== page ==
Publishing your work as a ebook can be a cheap, simple and low-risk way of getting your work ‘out there’, or it can be a complement to more traditional forms. Several well-known authors – such as Amanda Hocking and Hugh Howey, as well as Irish writers Hazel Gaynor and Carmel Harrington – published their first novels as ebooks before they signed a contract with a traditional publishing house.
Good ebook sales do at least demonstrate that you can produce marketable content, and any publisher will be interested in that. But it doesn’t always work that way: ebooks only sell well if their content is well-suited to the form. They are great for works that you don’t want to carry round with you as print – for whatever reason: fat technical manuals, self-improvement books, cookbooks, Fifty Shades of Grey – as well as for good old-fashioned story-telling. They are not so good for graphic novels and other works that rely heavily on illustrations. Every new ereader, it seems, comes with a free copy of Alice’s Adventures in Wonderland to show off its capabilities, but would you really prefer that to a book you can handle?
Print books are more expensive, so a publisher may well think that a successful ebook has taken most of the potential sales from a print version. A traditional publisher will often only release an ebook version of their bestsellers several weeks (or even months) later. Many people who would never buy a print copy (or who have already bought one) would prefer the convenience of an ebook version, but going from ebook to print is a harder sell.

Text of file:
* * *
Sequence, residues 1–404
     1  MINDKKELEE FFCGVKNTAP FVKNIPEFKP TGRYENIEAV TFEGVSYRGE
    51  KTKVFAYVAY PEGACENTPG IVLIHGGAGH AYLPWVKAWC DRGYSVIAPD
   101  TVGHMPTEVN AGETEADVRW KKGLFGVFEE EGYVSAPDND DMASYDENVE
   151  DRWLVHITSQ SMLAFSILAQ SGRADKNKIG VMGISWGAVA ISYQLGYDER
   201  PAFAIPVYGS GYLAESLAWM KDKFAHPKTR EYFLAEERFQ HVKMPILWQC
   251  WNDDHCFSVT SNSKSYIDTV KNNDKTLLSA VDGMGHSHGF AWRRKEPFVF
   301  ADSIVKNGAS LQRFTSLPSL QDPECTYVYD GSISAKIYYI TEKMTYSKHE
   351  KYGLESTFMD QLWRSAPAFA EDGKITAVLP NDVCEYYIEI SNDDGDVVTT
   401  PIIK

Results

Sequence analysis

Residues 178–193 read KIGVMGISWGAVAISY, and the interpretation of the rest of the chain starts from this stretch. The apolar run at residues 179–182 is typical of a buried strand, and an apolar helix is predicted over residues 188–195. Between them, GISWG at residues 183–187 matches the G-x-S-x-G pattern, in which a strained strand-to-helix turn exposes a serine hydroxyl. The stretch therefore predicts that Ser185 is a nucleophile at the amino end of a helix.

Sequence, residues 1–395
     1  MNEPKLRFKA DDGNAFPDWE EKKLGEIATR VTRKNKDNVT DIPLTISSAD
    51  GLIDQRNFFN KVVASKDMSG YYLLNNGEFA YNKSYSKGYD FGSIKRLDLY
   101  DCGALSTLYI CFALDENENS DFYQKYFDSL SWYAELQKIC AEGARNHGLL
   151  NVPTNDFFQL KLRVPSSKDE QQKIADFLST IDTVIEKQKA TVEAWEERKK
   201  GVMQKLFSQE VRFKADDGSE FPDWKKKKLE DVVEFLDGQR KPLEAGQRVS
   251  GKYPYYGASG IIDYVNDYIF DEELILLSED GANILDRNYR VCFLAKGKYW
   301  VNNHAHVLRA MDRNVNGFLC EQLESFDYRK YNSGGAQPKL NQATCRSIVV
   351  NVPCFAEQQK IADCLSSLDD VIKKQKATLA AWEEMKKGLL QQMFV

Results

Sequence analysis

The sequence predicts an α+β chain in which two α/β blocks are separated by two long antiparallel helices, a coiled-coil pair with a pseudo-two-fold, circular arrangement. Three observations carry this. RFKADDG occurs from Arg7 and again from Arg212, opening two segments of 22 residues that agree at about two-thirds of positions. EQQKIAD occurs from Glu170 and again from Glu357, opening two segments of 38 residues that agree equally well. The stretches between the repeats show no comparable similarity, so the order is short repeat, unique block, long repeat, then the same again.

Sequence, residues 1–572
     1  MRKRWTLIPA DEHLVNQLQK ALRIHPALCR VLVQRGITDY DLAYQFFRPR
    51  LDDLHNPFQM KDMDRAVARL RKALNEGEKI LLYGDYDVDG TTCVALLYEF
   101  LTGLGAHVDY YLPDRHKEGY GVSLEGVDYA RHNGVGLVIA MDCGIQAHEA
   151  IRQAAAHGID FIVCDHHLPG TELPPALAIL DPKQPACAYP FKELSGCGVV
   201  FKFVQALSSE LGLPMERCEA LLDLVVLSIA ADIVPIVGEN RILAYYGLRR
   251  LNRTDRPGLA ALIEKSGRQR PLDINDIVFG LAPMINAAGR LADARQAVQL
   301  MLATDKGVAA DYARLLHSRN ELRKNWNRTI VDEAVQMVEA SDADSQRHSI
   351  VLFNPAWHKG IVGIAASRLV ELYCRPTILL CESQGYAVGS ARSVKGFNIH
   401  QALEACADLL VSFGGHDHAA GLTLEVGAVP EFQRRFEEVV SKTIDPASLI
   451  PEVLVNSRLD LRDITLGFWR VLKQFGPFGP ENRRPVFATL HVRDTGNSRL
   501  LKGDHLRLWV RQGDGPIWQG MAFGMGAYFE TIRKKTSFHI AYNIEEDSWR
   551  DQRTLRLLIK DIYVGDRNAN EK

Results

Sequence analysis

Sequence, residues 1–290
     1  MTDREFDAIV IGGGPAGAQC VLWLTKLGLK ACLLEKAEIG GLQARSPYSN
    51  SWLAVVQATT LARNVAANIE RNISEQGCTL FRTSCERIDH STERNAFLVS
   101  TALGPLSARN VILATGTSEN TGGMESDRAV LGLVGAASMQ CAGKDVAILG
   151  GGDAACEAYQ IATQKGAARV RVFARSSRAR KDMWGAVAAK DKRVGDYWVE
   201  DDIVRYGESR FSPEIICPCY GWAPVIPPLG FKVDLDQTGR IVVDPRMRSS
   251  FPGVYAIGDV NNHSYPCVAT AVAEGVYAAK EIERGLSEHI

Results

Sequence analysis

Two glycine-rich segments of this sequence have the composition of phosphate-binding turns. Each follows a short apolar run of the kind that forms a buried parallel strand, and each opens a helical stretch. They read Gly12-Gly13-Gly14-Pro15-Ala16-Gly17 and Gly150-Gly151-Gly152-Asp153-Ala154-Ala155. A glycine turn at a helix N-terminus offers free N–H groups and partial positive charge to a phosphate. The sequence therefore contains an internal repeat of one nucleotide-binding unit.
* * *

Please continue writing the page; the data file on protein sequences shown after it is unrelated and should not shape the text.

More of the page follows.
In short: if your masterpiece has unexpected success as a ebook it will not necessarily lead to a publisher snapping it up but it may help you to get a print contract for your next work, so why not give it a go?
If all you want is a few print copies for family and friends then there are many companies that provide a print-on-demand service. Naturally this is more expensive per copy, so if you are confident of being able to sell a sizable print run it may be better to deal with a local printer who has experience of your sort of book.
It isn’t difficult to produce an ebook; all you need is a good clean electronic copy. A Word document is fine, though Scrivener is highly recommended for composing longer works. Companies that sell ebooks, such as Amazon and Smashwords, provide instructions on their website about how to prepare your manuscript. It isn’t difficult but it can be time consuming and attention to detail is vital. Keep it simple: remember your words will be read on all sorts of devices, in all sorts of fonts and sizes – so it is foolish to try to dictate how it must appear – but do make sure it is properly proof-read and edited before you set it before the public. It is important to make sure your document doesn’t contain any formatting other than what the website asks for. The best way to ensure that, if you have a Word document, is to start from a plain text copy and build from there. If you understand how stylesheets work then you should have no trouble, otherwise you may prefer hire someone to format the manuscript for you. Mark’s List is a good place to start looking.
Now all you need is a cover image. If you are confident of your ability you may design it yourself. Several sellers have (limited) tools on their websites, but you should at least consider hiring a designer. You know the old proverb “Don’t judge a book by its cover”? We all do, of course, and rightly so. If it’s obvious that no one has given much thought to the cover, why would we expect the contents to be any better?
Your ebook is ready for launch and all you need worry about is publicity and marketing. This is where a traditional publisher earns their keep, but that’s a story for another day.
Diane Ascroft lives near Fivemiletown and writes Historical Fiction. Her latest story is An Unbidden Visitor